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he resur­gent in­ter­est in trans­fer pric­ing abuse by multi­na­tion­als might be miss­ing the first “link in the chain” – the shift­ing of prof­its in­side South Africa to the detri­ment of em­pow­er­ment part­ners, work­ers, com­mu­ni­ties and the econ­omy. This is the emerg­ing line from a prom­i­nent think-tank, the SA Min­ing Devel­op­ment As­so­ci­a­tion and one that is sup­ported by the depart­ment of trade and in­dus­try and oth­ers.

The Al­ter­na­tive In­for­ma­tion and Devel­op­ment Cen­tre (AIDC), a union-friendly think-tank, this past week re­leased a new re­port on plat­inum pro­ducer Lon­min and its al­leged ex­port of prof­its to dodge taxes (

The new re­port is a longer, up­dated ver­sion of the con­tentious “Ber­muda con­nec­tion” re­port the AIDC re­leased last year.

It is based on the fi­nan­cial ev­i­dence sub­mit­ted to the Marikana Com­mis­sion of In­quiry.

By now, the dis­clo­sure of the fi­nan­cial state­ments of Lon­min sub­sidiaries and var­i­ous other doc­u­ments has made the com­pany pos­si­bly the most closely scru­ti­nised one in South Africa.

AIDC lead re­searcher Dick Forslund’s up­dated re­port still ac­cuses Lon­min of mov­ing an av­er­age R400 mil­lion a year out of its op­er­at­ing sub­sidiaries in South Africa through two “profit shift­ing” agree­ments.

One is a man­age­ment fee paid to Lon­min’s Lon­don head­quar­ters and the other is a mar­ket­ing fee paid to a sub­sidiary in Ber­muda.

This week Lon­min an­swered with a terse state­ment say­ing it “notes with dis­ap­point­ment the re­port re­leased ... which con­tains un­founded and false al­le­ga­tions about the com­pany”.

The com­pany says it pays all its taxes prop­erly and “hopes that AIDC stops mak­ing th­ese base­less al­le­ga­tions”.

The up­dated re­port also de­vel­ops a new line of think­ing about where the resur­gent trans­fer pric­ing de­bate should be head­ing.

“Profit shift­ing starts at the do­mes­tic level and should be stud­ied from the point of view of stake­hold­ers in sub­sidiaries,” says the AIDC.

Th­ese in­clude the BEE part­ners, work­ers and com­mu­ni­ties that are of­ten for­mally en­ti­tled to some stake in a mine due to South Africa’s Min­ing Char­ter.

Forslund coined the term “wage eva­sion” to ac­com­pany the more familiar “tax eva­sion” to de­scribe the al­leged prac­tice of plead­ing poverty at its mines in wage talks af­ter re­mov­ing sig­nif­i­cant re­sources that could “eas­ily” have paid for higher wages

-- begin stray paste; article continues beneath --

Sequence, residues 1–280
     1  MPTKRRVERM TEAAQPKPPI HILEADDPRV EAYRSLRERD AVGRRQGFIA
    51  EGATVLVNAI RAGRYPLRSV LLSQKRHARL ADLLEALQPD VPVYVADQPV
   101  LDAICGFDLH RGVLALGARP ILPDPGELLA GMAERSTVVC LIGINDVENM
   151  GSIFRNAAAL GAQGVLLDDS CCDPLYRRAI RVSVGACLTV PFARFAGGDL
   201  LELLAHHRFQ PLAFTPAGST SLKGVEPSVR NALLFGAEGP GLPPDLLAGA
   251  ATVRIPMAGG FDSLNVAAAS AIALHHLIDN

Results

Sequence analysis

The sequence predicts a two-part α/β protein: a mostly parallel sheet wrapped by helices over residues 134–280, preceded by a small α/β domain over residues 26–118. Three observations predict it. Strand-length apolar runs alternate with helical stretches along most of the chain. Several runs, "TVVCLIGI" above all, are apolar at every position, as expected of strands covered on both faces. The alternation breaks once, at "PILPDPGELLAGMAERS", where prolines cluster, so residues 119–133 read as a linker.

Trans­fer pric­ing is rapidly en­ter­ing the po­lit­i­cal lex­i­con with the Davis Tax Com­mit­tee in­ves­ti­ga­tion, the wider con­cept of tax “base ero­sion” and Par­lia­ment’s re­cent host­ing of a num­ber of hear­ings on the is­sue.

The Davis com­mit­tee re­leased a first re­port on “base ero­sion and profit shift­ing” in De­cem­ber and was so over­whelmed by com­ments that it sent out a new re­quest for sub­mis­sions on the is­sue two weeks ago.

The AIDC re­cently made a sub­mis­sion to the Davis com­mit­tee ar­gu­ing for a greater scru­tiny of do­mes­tic trans­fers.

“It is ac­tu­ally mis­lead­ing to di­rect all at­ten­tion to cross-bor­der trans­fer pric­ing,” said the AIDC.

“Trans­fer pric­ing, profit shift­ing and the de­ple­tion of funds to sup­port wages, fi­nance in­vest­ments and pay mi­nor­ity share­holder div­i­dends start do­mes­ti­cally.”

In its sub­mis­sion it also re­vealed new re­search into To­tal Coal SA, which it says il­lus­trates the point.

Ac­cord­ing to the AIDC, To­tal’s BEE part­ner Mmakau Min­ing is sub­ject to two lay­ers of mar­ket­ing fees – a 4% one paid to the multi­na­tional’s lo­cal hold­ing com­pany and a 7% one paid by it to an­other Lon­don-based To­tal com­pany,

With­out dig­ging deeper, AIDC ques­tions whether th­e­ses fees make sense con­sid­er­ing that To­tal al­ready has ex­clu­sive rights to the coal from the mines it co-owns with Mmakau.

For­mer pres­i­dent Thabo Mbeki has taken on trans­fer pric­ing and other il­licit fi­nan­cial flows as his ma­jor le­gacy project af­ter he led a high-level African Union panel on the is­sue.

The term “trans­fer pric­ing” shot to promi­nence in the 1960s af­ter the de­coloni­sa­tion of much of the world and the rise of mostly West­ern, multi­na­tional cor­po­ra­tions.

The abuse of trans­fer pric­ing hasn’t been this high on the poor world’s agenda since the 1970s and 1980s.

This was when the ill-fated UN code on transna­tional cor­po­ra­tions was de­vel­oped.

It sketched a wide-rang­ing set of rules around how the rich world’s cor­po­ra­tions should treat the poor world – in­clud­ing a prohibition on abu­sive trans­fer pric­ing.

How­ever, from those early days, the Or­gan­i­sa­tion for Eco­nomic Co­op­er­a­tion and Devel­op­ment (OECD), which is mostly a club of de­vel­oped coun­tries, has been at the fore­front of guiding global pol­icy on this and other mat­ters around multi­na­tion­als.

PHOTO: SIMON DAW­SON / BLOOMBERG / GETTY IMAGES

STRIK­ING GOLD A mine worker stirs molten gold in a fur­nace be­fore cast­ing. Trans­fer pric­ing and profit shift­ing by multi­na­tion­als in­side and out­side SA com­pro­mises em­pow­er­ment part­ners, work­ers, com­mu­ni­ties and the coun­try’s econ­omy

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